YouTube video

Last semester, someone at Mississippi State University used chalk to write “black lives matter is racist” on a sidewalk.

Last week, the Society of African American Studies at the university began to occupy that same sidewalk each Wednesday, claiming it as a “safe space” where students express themselves vocally about racism in America and on campus or by submitting their personal concerns into an anonymous box. Those thoughts are used to fuel campus-wide conversations at the university held by the society.

The Society of African American Studies hosted the university’s first campus-wide conversation addressing the “Black Lives Matter” and “All Lives Matter” movements on Wednesday night.

“A lot of people think Mississippi State is a progressive school, which it is in its own way. But there are a lot of things that still needs to be discussed for us to move forward,” says Morgan Alexander, a senior wildlife fishery major from Jackson and a member of the society.

Similarly, student organizations at predominantly white universities across the nation are creating safe spaces for conversations. Diverse groups of students, faculty and staff can acknowledge international discrimination and how it manifests in local communities and on campuses. This is also a time to create solutions that are fair to all members of that collegiate community.

On Sept. 17, 2015, the Center for Inclusion and Cross Cultural Engagement partnered with other student organizations at the University of Mississippi to begin a conversation about black lives matter/all lives matter that would continue on campus and spread to other campuses across the state.

Assistant professor of sociology James Thomas, the moderator, provided the context of the birth and evolution of the black lives matter movement. The students also watched a video of a student at the university standing in front of the Confederate statue on the downtown Oxford square holding a sign that read “#Blacklivesmatter” and the response of white males driving by yelling, “White lives matter too! Get another sign.”

At Mississippi State, Dr. Courtney Carter, a professor of sociology and African American studies, says the university doesn’t provide enough opportunities for students to express themselves about racial matters. She also provided the diverse crowd of at least 100 hundred students Wednesday night with a video of an interview with the three women who founded the black lives matter movement: Alicia Garza, Opal Tometi and Patrisse Cullors, describing its meaning and purpose before the conversation began.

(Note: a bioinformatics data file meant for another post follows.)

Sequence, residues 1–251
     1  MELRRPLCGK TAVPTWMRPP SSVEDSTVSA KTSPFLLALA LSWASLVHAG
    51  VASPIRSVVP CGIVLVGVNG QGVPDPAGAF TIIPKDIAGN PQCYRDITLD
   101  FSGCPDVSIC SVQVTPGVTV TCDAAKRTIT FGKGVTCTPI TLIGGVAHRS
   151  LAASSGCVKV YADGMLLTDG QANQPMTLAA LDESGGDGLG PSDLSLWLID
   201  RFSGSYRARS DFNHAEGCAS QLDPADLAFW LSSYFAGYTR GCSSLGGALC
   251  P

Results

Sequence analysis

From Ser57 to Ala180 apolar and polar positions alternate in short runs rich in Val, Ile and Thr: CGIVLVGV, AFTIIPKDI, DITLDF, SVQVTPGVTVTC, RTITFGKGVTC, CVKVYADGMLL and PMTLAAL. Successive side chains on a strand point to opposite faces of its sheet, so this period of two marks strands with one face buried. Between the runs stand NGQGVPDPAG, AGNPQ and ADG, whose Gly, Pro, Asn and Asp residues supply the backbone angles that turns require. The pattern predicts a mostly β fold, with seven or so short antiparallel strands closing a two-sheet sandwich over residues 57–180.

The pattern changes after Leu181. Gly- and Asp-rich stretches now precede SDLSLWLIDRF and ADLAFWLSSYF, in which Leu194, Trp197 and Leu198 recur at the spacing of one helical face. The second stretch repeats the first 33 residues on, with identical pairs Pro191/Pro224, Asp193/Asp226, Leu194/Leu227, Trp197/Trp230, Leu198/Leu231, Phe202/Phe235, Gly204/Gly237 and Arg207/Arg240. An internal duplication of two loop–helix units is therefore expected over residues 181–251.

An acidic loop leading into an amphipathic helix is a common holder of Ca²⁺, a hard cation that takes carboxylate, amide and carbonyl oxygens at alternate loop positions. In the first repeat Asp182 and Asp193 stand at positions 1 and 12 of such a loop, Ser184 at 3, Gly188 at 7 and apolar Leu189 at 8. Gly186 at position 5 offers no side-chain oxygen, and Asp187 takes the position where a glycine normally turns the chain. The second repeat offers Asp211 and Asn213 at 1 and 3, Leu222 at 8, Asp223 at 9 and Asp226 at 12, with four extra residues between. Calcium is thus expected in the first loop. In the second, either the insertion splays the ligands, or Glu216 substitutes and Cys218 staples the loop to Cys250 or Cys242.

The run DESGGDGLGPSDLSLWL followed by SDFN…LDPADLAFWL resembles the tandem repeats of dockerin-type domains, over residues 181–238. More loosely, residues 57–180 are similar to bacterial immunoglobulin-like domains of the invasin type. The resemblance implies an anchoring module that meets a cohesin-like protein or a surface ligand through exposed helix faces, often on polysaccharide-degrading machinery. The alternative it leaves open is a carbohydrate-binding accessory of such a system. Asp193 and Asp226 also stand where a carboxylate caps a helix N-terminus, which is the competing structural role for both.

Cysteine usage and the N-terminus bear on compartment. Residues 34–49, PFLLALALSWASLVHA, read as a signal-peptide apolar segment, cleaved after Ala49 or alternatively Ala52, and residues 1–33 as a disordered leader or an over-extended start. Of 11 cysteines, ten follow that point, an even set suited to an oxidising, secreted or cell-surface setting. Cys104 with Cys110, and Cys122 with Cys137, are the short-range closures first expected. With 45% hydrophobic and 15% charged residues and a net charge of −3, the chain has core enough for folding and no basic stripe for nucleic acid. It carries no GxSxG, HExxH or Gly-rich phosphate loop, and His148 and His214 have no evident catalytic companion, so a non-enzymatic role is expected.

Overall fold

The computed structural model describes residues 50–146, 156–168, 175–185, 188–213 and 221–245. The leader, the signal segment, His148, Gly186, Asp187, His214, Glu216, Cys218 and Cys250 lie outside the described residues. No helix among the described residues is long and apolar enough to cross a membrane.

The mood among the audience members ranged from pride to frustration. Many of the frustrations were from the lack of support many black students feel coming from the state Legislature and the university’s president, Dr. Mark Keenum.

Michael Poole, a white male student, says that he never felt that a “strong loud social movement was the most effective way to bring about social change,” but he is now realizing that it is and it has at the university. He refers to last semester when students at the university protested for removal of the state flag on campus, and it came down.

Morgan Alexander was one of the many students who loudly gave a speech on the steps of the president’s office during the protest to remove the flag:

“I saw a bumper sticker one day. It said if you don’t like America you can leave. Love it or get out. Somebody asked me why I don’t love America. I ain’t got a problem with America, I’m trying to figure out why America don’t love me,” she belted.

“Besides being told no, what frustrates me is being told to wait,” says Queen Brown, a student at the university and the vice president of the state’s youth and college division of the NAACP. She says that Keenum has personally urged her and other students to wait and trust the process of legislation.

Marquise S.  Hunt, president of the NAACP chapter at Tougaloo College, traveled to the university to join the discussion along with two other male colleagues. Also joining them was the president of the state’s youth and college division of the NAACP, Natalie Nicholson, a student at Jackson State University.

They are involved in these sorts of conversations at Tougaloo and Jackson State, but they were interested in understanding the effects racism is having on students attending predominantly white institutions in Mississippi.

White and black students discussed ways to challenge everyday stereotypes, disrupt the school-to-prison pipeline, become active co-conspirators, practice healthy and safe ways to cope with racism and to hold the university and state leaders accountable for making life more palatable for minority students at our universities.

“We are the future. We can change this. It starts with petitions and it starts with us and it starts in this classroom,” says Steven Lusk, a white male student at the university.

The Society of African American Studies will occupy the sidewalk near the student union every Wednesday for safe space and encourage ideas for their continued series of on-campus conversations.

Creative Commons License

Republish our articles for free, online or in print, under a Creative Commons license.

Ashley F. G. Norwood, a native of Jackson, earned a bachelor's degree in English from Jackson State University and a master’s degree from the Meek School of Journalism at the University of Mississippi. Norwood, who specializes in multimedia journalism, has been recognized nationally for her documentary film the fly in the buttermilk, which covers the history, perceptions and principles of black Greek-lettered organizations at the University of Mississippi.